Search Images Maps Play YouTube News Gmail Drive More »
Sign in
Screen reader users: click this link for accessible mode. Accessible mode has the same essential features but works better with your reader.

Patents

  1. Advanced Patent Search
Publication numberUS6723642 B1
Publication typeGrant
Application numberUS 10/377,471
Publication date20 Apr 2004
Filing date27 Feb 2003
Priority date22 Oct 2002
Fee statusLapsed
Also published asUS20040077182
Publication number10377471, 377471, US 6723642 B1, US 6723642B1, US-B1-6723642, US6723642 B1, US6723642B1
InventorsJung-wook Lim, Sun-Jin Yun
Original AssigneeElectronics And Telecommunications Research Institute
Export CitationBiBTeX, EndNote, RefMan
External Links: USPTO, USPTO Assignment, Espacenet
Method for forming nitrogen-containing oxide thin film using plasma enhanced atomic layer deposition
US 6723642 B1
Abstract
A method for forming a nitrogen-containing oxide thin film by using plasma enhanced atomic layer deposition is provided. In the method, the nitrogen-containing oxide thin film is deposited by supplying a metal source compound and oxygen gas into a reactor in a cyclic fashion with sequential alternating pulses of the metal source compound and the oxygen gas, wherein the oxygen gas is activated into plasma in synchronization of the pulsing thereof, and a nitrogen source gas is further sequentially pulsed into the reactor and activated into plasma over the substrate in synchronization with the pulsing thereof. According to the method, a dense nitrogen-containing oxide thin film can be deposited at a high rate, and a trace of nitrogen atoms can be incorporated in situ into the nitrogen-containing oxide thin film, thereby increasing the breakdown voltage of the film.
Images(6)
Previous page
Next page
Claims(20)
What is claimed is:
1. A method for forming a nitrogen-containing metal oxide thin film on a substrate by supplying a source metal compound and oxygen gas into a reactor in a cyclic fashion with sequential alternating pulses of the source metal compound and the oxygen gas, wherein the oxygen gas is activated into plasma over the substrate in synchronization with the pulsing thereof, and a nitrogen source gas is further sequentially pulsed into the reactor and activated into plasma over the substrate in synchronization with the pulsing thereof.
2. The method of claim 1, wherein the oxygen gas and the nitrogen source gas are supplied at the same pulsing cycle.
3. The method of claim 1, wherein the nitrogen source gas is supplied after the oxygen gas.
4. The method of claim 1, wherein the oxygen gas is supplied after the nitrogen source gas.
5. The method of claim 1, wherein the nitrogen source gas is one selected from the group consisting of N2, NH3, NO2, N2O, and a mixture of the forgoing gases.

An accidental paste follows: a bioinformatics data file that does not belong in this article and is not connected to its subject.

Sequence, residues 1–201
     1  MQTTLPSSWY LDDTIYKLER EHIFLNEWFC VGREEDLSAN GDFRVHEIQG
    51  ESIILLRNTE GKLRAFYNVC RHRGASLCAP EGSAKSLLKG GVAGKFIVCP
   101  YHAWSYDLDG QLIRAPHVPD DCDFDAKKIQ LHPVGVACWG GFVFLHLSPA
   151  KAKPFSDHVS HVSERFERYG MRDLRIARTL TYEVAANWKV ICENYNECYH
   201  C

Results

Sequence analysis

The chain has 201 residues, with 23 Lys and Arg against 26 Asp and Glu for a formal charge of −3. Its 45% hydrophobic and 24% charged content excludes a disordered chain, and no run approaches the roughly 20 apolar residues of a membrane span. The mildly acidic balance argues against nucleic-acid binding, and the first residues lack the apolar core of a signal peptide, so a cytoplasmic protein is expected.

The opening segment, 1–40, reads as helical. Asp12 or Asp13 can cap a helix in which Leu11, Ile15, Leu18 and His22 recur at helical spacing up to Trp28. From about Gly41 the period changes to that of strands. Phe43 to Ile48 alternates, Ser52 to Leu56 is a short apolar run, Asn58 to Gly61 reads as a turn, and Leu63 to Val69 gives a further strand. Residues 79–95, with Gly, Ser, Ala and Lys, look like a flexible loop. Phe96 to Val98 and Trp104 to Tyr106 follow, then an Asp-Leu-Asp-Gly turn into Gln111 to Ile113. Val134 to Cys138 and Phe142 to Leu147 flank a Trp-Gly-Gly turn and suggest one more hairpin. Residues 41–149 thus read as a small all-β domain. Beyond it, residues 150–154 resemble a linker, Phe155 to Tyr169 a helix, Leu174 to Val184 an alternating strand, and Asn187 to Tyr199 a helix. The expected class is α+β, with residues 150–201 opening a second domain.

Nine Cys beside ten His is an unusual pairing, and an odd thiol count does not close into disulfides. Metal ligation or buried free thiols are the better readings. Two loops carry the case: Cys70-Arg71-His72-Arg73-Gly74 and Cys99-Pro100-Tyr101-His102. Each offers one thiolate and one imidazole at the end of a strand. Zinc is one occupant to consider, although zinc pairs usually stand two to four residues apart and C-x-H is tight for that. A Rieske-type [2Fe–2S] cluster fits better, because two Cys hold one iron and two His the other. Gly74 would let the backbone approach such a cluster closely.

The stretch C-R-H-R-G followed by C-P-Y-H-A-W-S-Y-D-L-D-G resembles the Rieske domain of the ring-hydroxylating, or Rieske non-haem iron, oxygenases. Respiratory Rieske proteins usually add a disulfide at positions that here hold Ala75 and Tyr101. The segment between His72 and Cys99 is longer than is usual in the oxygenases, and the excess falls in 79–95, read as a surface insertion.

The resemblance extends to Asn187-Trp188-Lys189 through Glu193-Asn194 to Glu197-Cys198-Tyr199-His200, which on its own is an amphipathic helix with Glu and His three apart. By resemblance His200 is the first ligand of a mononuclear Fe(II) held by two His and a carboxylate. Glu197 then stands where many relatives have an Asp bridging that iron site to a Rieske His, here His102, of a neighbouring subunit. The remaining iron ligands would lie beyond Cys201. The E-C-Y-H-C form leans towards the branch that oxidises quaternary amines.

6. The method of claim 1, wherein at least one of the metal source compound, the oxygen gas, and the nitrogen source gas is supplied while being diluted with an inert carrier gas.
7. The method of claim 1, wherein the metal oxide is one selected from the group consisting of Al2O3, Ta2O5, TiO2, ZrO2, HfO2, and lanthanide series oxide.
8. The method of claim 1, wherein nitrogen atoms are incorporated into the metal oxide thin film as the nitrogen source gas is supplied.
9. The method of claim 1, wherein the substrate is prepared to have a second metal oxide thin film by supplying a second metal source compound and oxygen gas into the reactor in a cyclic fashion with sequential alternating pulses of the second metal source compound and the oxygen gas.
10. The method of claim 9, wherein the second metal source compound and the metal source compound are the same.
11. The method of claim 10, wherein the second metal source compound and the metal source compound are trimethylalumminum.
12. The method of claim 1, wherein after the metal oxide thin film has been formed, a second metal oxide thin film is additionally formed by supplying a second metal source compound and oxygen gas into the reactor in a cyclic fashion with sequential alternating pulses of the second metal source compound and the oxygen gas.
13. The method of claim 12, wherein the second metal source compound and the metal source compound are the same.
14. The method of claim 13, wherein the second metal source compound and the metal source compound are trimethylalumminum.
15. A method for forming a nitrogen-containing metal oxide thin film on a substrate by supplying a source metal compound and a reactant gas into a reactor in a cyclic fashion with sequential alternating pulses of the source metal compound and the reactant gas, wherein the reactant gas is activated into plasma over the substrate in synchronization with the pulsing thereof, and the reactant gas contains both nitrogen and oxygen atoms.
16. The method of claim 15, wherein the nitrogen source gas is one selected from the group consisting of NO2, N2O, and a mixture of the forgoing gases.
17. The method of claim 15, wherein the substrate is prepared to have a second metal oxide thin film by supplying a second metal source compound and oxygen gas into the reactor in a cyclic fashion with sequential alternating pulses of the second metal source compound and the oxygen gas.
18. The method of claim 17, wherein the second metal source compound and the metal source compound are the same.
19. The method of claim 15, wherein after the metal oxide thin film has been formed, a second metal oxide thin film is additionally formed by supplying a second metal source compound and oxygen gas into the reactor in a cyclic fashion with sequential alternating pulses of the second metal source compound and the oxygen gas.